Known as Charles Tom Vincent, he was a rough, grouchy old man with few friends, who preferred to live a solitary life in the high elevations of the San Gabriel Mountains. One day, while hunting the bighorn sheep which roamed the mountains, he discovered gold on the east slope of Mount Baden-Powell. He named the find after the sheep he was hunting at the time, and later sold his Bighorn Mine to developers who turned it into the largest gold mine in Los Angeles County, with miles of tunnels spanning six levels, and a stamp mill perched precariously on the side of the mountain. On another hunting expedition, this time accompanied by a rare friend, they were attacked by three bears whom they had surprised. Vincent managed to shoot and kill two of the bears, but when his gun jammed before he could get off another shot, he attacked and killed the third with just a knife. As he lay dying in an L.A. hospital in 1926, he told his doctor he had a confession to make. He said his name was actually Charles Vincent Dougherty, and he was a wanted man. Many years earlier, he and a mining partner in Arizona returned to their cabin after a day of working their claim to find three men ransacking their home. They shot the three men dead and buried them on the spot. Then, fearing the repercussions of the law, they fled. His partner went to Los Angeles, while Vincent headed into the Eastern Sierras, drifting southward over time until he settled in the San Gabriel Mountains. His reason for confessing, he said, was to make his real name known so he could be buried in L.A.'s National Cemetery. He had fought in the Civil War, in the 8th Ohio Infantry, and had even been wounded at Chancellorsville. Vincent Gap and Vincent Gulch in the San Gabriel Mountains' high country near Mount Baden-Powell are named for him.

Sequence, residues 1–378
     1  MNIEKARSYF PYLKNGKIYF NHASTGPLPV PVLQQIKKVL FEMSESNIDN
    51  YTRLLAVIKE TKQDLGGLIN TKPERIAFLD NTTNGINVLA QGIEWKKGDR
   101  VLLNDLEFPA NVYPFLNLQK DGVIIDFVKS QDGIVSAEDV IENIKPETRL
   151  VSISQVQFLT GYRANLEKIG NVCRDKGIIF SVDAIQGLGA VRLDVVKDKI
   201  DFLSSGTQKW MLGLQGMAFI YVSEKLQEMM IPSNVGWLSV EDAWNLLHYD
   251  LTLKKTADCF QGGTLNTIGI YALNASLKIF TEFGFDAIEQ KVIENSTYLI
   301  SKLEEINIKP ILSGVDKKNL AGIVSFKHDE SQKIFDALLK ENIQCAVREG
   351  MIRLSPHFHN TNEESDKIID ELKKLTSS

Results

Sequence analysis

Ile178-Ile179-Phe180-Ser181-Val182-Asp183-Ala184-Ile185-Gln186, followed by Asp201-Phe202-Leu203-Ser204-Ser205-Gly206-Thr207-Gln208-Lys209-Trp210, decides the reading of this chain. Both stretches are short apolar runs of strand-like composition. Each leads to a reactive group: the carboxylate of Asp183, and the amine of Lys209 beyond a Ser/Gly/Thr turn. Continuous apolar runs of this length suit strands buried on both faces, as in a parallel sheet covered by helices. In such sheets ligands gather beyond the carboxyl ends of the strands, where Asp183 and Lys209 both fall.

Bio by: Lonnie DeCloedt
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